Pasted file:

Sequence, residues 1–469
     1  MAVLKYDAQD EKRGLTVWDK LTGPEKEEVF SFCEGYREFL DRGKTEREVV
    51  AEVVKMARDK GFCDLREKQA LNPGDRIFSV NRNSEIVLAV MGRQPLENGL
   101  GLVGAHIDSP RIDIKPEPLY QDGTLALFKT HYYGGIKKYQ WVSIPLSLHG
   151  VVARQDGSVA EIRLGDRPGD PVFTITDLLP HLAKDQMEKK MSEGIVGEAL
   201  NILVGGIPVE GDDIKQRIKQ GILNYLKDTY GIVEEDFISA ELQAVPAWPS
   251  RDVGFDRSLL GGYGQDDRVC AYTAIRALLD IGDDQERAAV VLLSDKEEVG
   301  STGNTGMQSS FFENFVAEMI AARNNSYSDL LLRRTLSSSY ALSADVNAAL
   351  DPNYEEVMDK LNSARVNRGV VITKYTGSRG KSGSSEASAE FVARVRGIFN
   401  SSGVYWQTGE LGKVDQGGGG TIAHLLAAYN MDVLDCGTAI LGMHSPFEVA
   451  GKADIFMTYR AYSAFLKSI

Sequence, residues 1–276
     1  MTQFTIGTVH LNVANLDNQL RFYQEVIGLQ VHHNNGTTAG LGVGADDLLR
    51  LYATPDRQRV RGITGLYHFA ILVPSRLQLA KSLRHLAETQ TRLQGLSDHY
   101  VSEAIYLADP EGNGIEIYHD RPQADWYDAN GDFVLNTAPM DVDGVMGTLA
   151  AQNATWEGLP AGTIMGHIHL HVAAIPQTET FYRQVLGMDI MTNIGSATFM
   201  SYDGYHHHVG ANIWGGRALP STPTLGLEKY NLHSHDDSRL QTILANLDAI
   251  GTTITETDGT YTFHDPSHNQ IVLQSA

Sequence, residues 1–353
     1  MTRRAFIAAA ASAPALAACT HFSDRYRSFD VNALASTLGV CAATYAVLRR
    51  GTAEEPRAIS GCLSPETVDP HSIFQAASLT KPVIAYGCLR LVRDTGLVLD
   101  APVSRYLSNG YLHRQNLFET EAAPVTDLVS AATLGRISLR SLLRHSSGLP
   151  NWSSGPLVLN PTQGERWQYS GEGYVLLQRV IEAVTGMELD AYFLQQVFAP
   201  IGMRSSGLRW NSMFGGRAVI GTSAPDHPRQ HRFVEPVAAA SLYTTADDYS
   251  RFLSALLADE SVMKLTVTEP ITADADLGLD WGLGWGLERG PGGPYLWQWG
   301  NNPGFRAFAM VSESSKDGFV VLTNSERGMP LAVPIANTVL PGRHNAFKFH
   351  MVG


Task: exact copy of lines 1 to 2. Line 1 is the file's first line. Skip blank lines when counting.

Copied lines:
Sequence, residues 1–469
     1  MAVLKYDAQD EKRGLTVWDK LTGPEKEEVF SFCEGYREFL DRGKTEREVV